Mother and daughter indicted for racketeering
Posted July 27, 2018 12:39 p.m. EDT
Atlanta, GA — A Covington mother and daughter have been indicted by a Newton County grand jury on racketeering charges. Georgia Attorney General Chris Carr announced the indictments Wednesday.
"Our office is committed to stopping criminals who perpetrate identity theft and financial fraud and will continue to hold them accountable for their actions," said Carr. "I applaud our Consumer Protection Unit and Special Prosecutions Unit for their joint efforts in investigating and prosecuting these cases."
Tiara Dameron and her mother, Tieresa Mitchell, both of Covington, were indicted for their alleged roles in a fraud scheme involving hundreds of fraudulent Discover bank accounts. Both were indicted on one count of racketeering (R.I.C.O.), with theft and identity fraud as the predicate acts under the R.I.C.O. statute.
The investigation by criminal investigators from the Attorney General's Consumer Protection Unit revealed that between November 2014 and June 2015 the suspects applied online for hundreds of fraudulent Discover bank accounts using variations of their names and other names. The Social Security numbers used in support of the Discover accounts did not belong to the suspects, according to the Attorney General's Office.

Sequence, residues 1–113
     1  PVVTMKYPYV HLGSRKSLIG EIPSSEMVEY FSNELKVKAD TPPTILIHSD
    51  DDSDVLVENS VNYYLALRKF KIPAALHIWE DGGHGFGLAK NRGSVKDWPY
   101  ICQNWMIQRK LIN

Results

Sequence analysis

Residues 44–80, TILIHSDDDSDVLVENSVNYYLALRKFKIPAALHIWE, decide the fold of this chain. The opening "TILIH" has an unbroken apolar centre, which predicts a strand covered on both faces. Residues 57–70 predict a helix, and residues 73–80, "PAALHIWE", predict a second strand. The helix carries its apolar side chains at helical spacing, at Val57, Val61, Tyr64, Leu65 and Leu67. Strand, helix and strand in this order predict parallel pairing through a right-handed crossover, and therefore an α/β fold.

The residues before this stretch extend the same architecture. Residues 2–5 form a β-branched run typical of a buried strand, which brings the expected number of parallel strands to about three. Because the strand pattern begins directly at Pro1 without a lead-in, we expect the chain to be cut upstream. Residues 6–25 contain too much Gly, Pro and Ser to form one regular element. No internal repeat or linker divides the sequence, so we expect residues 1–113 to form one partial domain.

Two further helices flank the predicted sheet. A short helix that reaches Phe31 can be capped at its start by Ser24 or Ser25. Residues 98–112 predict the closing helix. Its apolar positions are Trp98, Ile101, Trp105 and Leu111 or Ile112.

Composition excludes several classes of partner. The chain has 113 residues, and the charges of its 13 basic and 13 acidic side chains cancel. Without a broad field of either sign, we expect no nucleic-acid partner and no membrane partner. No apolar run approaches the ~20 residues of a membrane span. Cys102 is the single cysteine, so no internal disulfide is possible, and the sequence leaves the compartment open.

The Attorney General's Office alleges that at least 65 of the Discover accounts were linked with accounts from other banks (Bancorp Bank, MetaBank and Wells Fargo, among others) belonging to Dameron and Mitchell. This allowed the suspects to deposit counterfeit checks into the Discover accounts and transfer the money to the linked bank accounts before the checks were returned for non-sufficient funds.
Assistant Attorney General Taylor Johnston from the Office of the Attorney General's Special Prosecutions Unit presented the case to the Newton County grand jury on July 6. The case was investigated by Calvin Thomas, a criminal investigator with the Attorney General's Consumer Protection Unit, and will be prosecuted by Sandra J. Bailey, assistant attorney general with the Special Prosecutions Unit.
An indictment merely alleges that crimes have been committed. All defendants are presumed innocent until proven guilty beyond a reasonable doubt.